4 February 2020

4 February

Cesare Battisti – patriot and irredentist


Campaigner for Trentino hailed as national hero

Cesare Battisti, a politician whose campaign to reclaim Trentino for Italy from Austria-Hungary was to cost him his life, was born on this day in 1875 in the region’s capital, Trento.  As a member of the Social Democratic Workers’ Party, Battista was elected to the assembly of South Tyrol and the Austrian Imperial Council, where he pushed for autonomy for Trentino, an area with a mainly Italian-speaking population.  When the First World War arrived and Italy decided to side with the Triple Entente and fight against Austria-Hungary, Battisti decided he could fight only on the Italian side, joining the Alpini corps.  At this time he was still a member of the Austrian Chamber of Deputies, so when he was captured wearing Italian uniform during the Battle of Asiago in 1916 he was charged with high treason and executed.  Italy now looks upon Battisti as a national hero and he is commemorated in monuments in several places in the country, as well as having numerous schools, streets and squares named after him.  At the time of his birth, the son of a merchant, also called Cesare, Trento was part of Tyrol in Austria-Hungary, even though it was a largely Italian-speaking city.  Read more…

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Giacomo Facco – composer


The forgotten talent of the musician from Padua

Giacomo Facco, a Baroque composer, was born on this day in 1676 in Marsango, a small town just north of Padova (Padua).  Highly regarded during his own lifetime, he was completely forgotten about until 1962 when his work was rediscovered by Uberto Zanolli, a musicologist.  Facco is believed to have worked as a violinist and a conductor and he is known to have been given a job in 1705 by the Viceroy of Sicily as a choirmaster, teacher and violinist in Palermo.  In 1708 he moved with the Viceroy to Messina where he composed The Fight between Mercy and Incredulity. In 1710 he presented a work dedicated to King Philip V of Spain, The Augury of Victories, in Messina Cathedral.  By 1720 it is known Facco was working in the Spanish court because his pay is mentioned in a report dating from that year. He is later named as clavichord master to the Spanish princes.  At the height of his success he was commissioned to compose an opera to celebrate the marriage of one of the princes in 1721.  He then seems to have fallen out of favour and was just employed as a violinist in the orchestra of the Royal Chapel until his death in Madrid in 1753.  Read more…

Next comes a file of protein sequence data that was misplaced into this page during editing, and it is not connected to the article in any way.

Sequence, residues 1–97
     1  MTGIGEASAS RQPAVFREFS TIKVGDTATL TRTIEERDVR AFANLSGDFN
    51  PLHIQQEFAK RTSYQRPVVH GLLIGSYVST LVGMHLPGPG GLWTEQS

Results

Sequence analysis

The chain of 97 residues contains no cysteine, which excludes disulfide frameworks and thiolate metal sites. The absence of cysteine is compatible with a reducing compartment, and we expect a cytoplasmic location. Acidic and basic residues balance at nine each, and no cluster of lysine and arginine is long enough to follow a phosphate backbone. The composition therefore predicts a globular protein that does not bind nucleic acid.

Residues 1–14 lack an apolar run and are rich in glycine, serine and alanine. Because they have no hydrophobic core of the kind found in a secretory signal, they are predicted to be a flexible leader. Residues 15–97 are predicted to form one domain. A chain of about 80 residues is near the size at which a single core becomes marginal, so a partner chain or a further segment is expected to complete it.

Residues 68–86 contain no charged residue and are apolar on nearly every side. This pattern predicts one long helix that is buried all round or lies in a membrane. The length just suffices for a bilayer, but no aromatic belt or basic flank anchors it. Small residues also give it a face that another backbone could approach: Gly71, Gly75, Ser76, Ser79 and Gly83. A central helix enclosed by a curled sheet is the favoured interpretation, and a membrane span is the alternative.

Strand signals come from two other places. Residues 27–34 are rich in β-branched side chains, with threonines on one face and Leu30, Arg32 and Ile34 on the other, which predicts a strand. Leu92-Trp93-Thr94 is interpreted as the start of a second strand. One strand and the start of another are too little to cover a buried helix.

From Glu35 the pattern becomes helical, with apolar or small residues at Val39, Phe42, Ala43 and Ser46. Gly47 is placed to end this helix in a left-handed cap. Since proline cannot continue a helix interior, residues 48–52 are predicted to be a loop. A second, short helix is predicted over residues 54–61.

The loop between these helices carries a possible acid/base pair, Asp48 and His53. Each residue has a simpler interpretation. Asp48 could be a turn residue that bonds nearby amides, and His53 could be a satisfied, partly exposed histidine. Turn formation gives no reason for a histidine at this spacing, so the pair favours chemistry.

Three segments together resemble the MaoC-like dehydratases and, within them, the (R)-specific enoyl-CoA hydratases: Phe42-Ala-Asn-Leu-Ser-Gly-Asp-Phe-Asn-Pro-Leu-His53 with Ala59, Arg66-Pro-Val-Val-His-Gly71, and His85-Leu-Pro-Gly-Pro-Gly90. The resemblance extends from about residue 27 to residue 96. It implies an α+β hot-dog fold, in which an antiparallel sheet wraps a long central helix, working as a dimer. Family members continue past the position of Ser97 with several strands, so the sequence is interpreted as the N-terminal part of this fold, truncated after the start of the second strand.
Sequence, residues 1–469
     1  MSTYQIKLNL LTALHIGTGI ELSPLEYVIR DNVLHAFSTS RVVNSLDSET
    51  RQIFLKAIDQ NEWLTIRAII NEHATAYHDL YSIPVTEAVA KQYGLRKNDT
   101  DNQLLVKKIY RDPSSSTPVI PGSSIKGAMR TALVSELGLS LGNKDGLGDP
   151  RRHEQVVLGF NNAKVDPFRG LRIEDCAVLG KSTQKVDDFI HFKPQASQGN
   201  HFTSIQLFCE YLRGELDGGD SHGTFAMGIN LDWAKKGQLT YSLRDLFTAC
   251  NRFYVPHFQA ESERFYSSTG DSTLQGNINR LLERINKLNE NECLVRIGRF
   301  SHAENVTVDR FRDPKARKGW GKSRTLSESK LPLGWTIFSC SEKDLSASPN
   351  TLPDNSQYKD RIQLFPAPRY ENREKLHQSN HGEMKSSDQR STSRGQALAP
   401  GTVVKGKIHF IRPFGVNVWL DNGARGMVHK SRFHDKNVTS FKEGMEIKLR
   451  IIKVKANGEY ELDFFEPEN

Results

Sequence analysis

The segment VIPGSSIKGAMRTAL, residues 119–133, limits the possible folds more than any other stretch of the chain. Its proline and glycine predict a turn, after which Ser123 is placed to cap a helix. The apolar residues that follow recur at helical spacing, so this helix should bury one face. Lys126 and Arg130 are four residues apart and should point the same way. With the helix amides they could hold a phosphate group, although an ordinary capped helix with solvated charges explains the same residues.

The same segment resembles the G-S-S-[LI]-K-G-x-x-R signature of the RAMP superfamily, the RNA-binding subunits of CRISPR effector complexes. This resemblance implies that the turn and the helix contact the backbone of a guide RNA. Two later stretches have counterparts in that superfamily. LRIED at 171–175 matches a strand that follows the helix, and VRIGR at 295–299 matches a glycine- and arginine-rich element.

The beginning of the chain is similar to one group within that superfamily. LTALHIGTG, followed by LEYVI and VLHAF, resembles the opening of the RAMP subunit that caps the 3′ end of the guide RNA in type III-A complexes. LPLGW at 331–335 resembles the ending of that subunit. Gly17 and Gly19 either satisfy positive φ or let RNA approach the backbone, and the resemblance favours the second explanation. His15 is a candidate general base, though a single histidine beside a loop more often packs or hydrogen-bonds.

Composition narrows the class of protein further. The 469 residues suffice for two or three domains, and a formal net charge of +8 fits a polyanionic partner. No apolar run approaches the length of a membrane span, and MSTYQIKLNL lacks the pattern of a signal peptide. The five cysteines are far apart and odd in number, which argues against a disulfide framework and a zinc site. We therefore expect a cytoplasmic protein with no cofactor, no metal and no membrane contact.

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Eugenio Corti - soldier and writer


Author drew on his experiences on the front line

Eugenio Corti, the writer most famous for his epic 1983 novel The Red Horse, died on this day in 2014 at the age of 93.  He passed away at his home in Besana in Brianza in Lombardy, where he had been born in January 1921.  The Red Horse, which follows the life of the Riva family in northern Italy from Mussolini's declaration of war in the summer of 1940 through to the 1970s, covers the years of the Second World War and the evolution of Italy's new republic.  Its themes reflect Corti's own view of the world, his unease about the totalitarianism of fascism and communism, his faith in the Christian Democrats to tread a confident path through the conservative middle ground, and his regret at the decline in Christian values in Italy.  It has been likened to Alessandro Manzoni's novel I promessi sposi - The Betrothed - for its strong moral tone and for the way that Corti employs the technique favoured by Manzoni of setting fictional characters in the novel against a backcloth of actual history, with real people and events written into the plot.  The Red Horse, which took Corti more than a decade to write, became a literary phenomenon in Italy, selling so many copies it needed to be reprinted 25 times.  Read more…

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Ugo Betti - playwright


Judge who combined writing with legal career

Ugo Betti, a playwright whose works exploring facets of the human condition are considered by some to be the finest plays written by an Italian after Luigi Pirandello, was born on this day in 1892 in Camerino in Le Marche.  Betti wrote 27 plays, mainly concerned with evil, guilt, justice, atonement and redemption, largely in his spare time alongside a career in the legal profession.  Although he started life in what was then a remote town in the Apennine mountains, about 75km (47 miles) inland from the Adriatic coast and a similar distance from the city of Perugia, Betti moved with his family at an early age to Parma in Emilia-Romagna.  He followed his older brother Emilio in studying law, although his progress was interrupted when he was enlisted as a volunteer in the army after Italy entered the First World War. He was captured in the disastrous Battle of Caporetto and interned in a German prisoner of war camp.  By chance, he found himself in the company of two writers, Carlo Emilio Gadda and Bonaventura Tecchi, who encouraged him in his own writing. His first collections of poems were written while he was in German captivity.  Read more…


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